Has there ever been a time when life came at you in ways that had you wondering who you answer to?

From 2015 to 2020, a series of seemingly unrelated events culminated in a personal crisis. Here’s the timeline of what happened.

In the summer of 2015 my mom died, and then 6 months later, in 2016, my dad followed. By 2017, I started a company and considered leaving my day job.

I eventually became a full time entrepreneur in 2020, setting up two more companies. But, my co-founder couldn’t join me immediately. He was transitioning from his own company and put in for a Master’s degree abroad.

In the same year (2020), Covid struck and I stopped going to church physically and then, virtually. By 2021, my closest friend and I drifted apart over strange circumstances. 2022 then came around and I began spending more time away from Nigeria as I built a global business.

The main highlights – My parents died. I left my job. I stopped going to church. My co-founder wasn’t around. I lost my closest friend. I was away from family and my inner circle.

Now, for the impact.

Accountability Really Matters

One consequence of everything that happened, was I no longer had authority structures that I answered to. There were few people to bounce perspectives off of, on a consistent basis. I was without loud dissenting voices, and no one had intimate access to the daily workings of my life or mind. My aspirations and motivations weren’t shared except in random social media posts or private prayers.

I figured out issues on my own, took decisions alone and became very independent. And this was a recipe for disaster.

I now believe humans aren’t designed to submit to God alone or to function as the sole arbiters of their own decisions. That would make us extremely self-centered. We are meant to modulate one another and to be co-dependent with other humans. We ought to think in terms of “us” and not “I”. Anything else incubates pride and an outsized ego.

When you’ve been without a companion for a long time, you replace the co-dependent part of you with other things, and it becomes a limb you learn to live without. The need for companionship is still there, but as you cannot meet it overnight, you cope as best as you can.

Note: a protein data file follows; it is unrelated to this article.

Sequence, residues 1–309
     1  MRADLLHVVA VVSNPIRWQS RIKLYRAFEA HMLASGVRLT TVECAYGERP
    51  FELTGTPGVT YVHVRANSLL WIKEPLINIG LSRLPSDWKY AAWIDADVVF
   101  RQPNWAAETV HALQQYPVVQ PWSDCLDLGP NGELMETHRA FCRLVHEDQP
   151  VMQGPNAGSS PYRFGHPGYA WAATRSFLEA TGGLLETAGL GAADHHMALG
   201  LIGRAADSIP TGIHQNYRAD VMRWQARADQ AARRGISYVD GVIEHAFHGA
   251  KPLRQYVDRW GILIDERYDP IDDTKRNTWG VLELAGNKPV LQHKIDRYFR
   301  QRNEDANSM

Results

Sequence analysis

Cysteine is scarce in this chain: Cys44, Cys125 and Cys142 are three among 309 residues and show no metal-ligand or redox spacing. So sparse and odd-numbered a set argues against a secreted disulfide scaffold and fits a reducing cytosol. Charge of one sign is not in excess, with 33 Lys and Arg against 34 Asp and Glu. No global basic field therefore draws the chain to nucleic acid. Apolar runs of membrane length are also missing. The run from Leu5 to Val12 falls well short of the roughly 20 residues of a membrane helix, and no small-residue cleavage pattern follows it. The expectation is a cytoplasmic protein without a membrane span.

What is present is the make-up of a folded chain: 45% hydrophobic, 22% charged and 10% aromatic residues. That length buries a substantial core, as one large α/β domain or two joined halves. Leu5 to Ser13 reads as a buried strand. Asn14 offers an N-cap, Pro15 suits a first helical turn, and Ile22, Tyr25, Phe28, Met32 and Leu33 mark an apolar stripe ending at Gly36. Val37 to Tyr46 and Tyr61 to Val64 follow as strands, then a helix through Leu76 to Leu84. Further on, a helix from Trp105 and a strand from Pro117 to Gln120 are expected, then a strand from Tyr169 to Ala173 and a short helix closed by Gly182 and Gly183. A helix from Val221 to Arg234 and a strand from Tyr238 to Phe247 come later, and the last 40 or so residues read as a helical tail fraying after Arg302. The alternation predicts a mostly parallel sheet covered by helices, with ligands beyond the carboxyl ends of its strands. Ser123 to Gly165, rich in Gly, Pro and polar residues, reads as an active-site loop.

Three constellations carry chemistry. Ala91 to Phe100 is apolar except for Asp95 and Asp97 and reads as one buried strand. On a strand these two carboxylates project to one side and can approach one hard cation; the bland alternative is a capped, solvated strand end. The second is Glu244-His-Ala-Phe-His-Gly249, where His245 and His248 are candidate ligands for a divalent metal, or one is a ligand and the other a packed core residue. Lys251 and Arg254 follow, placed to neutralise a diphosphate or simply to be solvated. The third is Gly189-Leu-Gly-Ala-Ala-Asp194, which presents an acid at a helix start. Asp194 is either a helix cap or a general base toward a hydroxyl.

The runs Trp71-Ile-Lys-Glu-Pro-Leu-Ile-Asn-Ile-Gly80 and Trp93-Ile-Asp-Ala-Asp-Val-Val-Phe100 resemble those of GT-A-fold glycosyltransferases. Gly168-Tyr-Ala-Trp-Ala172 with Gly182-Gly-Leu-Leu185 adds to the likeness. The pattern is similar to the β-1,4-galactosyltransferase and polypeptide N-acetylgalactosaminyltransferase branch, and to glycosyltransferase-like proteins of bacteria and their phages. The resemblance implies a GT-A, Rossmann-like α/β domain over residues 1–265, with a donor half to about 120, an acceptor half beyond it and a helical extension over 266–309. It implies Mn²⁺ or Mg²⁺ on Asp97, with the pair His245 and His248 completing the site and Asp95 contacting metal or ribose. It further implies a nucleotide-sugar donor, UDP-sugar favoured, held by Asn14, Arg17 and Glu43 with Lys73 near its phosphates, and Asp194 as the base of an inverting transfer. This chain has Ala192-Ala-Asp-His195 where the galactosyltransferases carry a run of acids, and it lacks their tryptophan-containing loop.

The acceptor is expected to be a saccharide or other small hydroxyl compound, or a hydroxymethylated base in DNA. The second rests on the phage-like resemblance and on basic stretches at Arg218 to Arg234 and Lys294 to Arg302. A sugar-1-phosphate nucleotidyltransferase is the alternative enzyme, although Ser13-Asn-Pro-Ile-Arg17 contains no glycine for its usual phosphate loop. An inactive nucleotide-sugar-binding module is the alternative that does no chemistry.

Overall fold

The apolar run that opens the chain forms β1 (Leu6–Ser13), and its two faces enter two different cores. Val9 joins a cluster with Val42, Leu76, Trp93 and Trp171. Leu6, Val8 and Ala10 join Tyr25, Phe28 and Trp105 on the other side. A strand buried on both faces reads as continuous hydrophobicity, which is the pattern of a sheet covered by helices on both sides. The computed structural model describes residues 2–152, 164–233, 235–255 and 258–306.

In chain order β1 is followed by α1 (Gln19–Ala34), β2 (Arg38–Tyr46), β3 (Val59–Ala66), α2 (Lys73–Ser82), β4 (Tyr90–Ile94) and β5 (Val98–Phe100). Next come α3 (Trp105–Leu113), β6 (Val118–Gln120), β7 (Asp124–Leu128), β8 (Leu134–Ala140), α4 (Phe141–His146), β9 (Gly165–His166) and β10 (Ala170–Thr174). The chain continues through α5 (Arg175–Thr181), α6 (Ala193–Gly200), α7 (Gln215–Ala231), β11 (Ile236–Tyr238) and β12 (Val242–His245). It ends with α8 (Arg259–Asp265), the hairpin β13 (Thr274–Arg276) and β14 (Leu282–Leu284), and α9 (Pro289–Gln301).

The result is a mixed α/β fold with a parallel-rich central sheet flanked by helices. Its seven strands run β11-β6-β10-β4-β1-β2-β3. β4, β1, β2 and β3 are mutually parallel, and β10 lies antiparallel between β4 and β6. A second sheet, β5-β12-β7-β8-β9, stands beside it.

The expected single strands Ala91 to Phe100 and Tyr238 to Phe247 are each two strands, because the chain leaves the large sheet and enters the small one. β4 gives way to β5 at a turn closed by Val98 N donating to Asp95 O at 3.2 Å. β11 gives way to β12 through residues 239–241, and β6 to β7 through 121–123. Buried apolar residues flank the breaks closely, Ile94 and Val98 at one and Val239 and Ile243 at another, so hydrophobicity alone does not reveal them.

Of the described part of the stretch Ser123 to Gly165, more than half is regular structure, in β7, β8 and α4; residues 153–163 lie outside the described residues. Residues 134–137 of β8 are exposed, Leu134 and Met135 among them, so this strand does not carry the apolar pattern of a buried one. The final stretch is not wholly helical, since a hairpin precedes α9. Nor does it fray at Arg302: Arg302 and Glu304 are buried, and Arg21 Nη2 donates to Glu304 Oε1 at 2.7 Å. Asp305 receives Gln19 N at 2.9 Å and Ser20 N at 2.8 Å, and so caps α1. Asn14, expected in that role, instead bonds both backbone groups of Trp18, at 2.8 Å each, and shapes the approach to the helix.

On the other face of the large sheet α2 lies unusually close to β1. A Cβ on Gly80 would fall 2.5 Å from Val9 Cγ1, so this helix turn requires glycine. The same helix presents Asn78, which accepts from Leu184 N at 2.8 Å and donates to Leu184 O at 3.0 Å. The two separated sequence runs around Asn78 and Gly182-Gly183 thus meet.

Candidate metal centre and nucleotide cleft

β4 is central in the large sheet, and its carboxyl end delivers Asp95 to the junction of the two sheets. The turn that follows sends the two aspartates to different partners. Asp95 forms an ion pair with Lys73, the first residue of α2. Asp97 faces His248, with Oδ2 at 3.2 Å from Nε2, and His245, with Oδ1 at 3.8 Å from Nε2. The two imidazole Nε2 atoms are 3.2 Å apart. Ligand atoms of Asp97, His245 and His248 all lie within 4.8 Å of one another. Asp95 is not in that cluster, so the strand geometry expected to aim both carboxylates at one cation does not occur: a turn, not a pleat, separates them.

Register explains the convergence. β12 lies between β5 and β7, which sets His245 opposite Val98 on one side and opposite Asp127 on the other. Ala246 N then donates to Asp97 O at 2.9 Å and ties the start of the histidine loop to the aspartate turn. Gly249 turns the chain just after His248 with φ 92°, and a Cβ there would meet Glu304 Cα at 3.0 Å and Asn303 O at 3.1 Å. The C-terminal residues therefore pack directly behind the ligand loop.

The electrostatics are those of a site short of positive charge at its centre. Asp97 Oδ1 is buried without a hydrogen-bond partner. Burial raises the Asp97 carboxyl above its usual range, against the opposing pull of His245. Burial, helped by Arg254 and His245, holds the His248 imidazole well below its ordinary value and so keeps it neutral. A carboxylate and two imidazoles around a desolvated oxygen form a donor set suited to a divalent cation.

Accountability Humbles You

My experiences taught me it’s a good idea for leaders to have someone they answer to. Entrepreneurs need mentors they respect. People should have friends to call out their bullshit. Politicians cannot have the final say.

No matter how successful you are, there ought to be one who can call you to order. And in many cases, the onus is on you to submit yourself, even if the balance of power is in your favour.

Accountability is humbling. The willingness to be wrong and to change makes a heart soft and teachable.

Without humility, you will have no mirror, wisdom, perspective or pushback. The result? You might become proud and eventually destroy yourself.

In Conclusion

As you become more accountable, the world stops revolving around you and your achievements. You see other people and readily acknowledge their contributions. Words like, “Please” and “Thank you” come quicker. It becomes easier to stop everything to spend time with loved ones, because other things matter more than work.

Giving to the poor and volunteering become imperative because you now situate yourself within the broader context of humanity.

In my case, the last few years have been a brutal learning period. I am so shaken by all the changes that I have not fully processed them. But I am taking deliberate steps to close my accountability and relationship gaps. I sincerely hope you do the same.

For more, please read https://www.subomiplumptre.com/responsibility-is-killing-me

I now believe humans aren't designed to submit to God alone or to function as the sole arbiters of their own decisions. That would make us extremely self-centered. Click To Tweet

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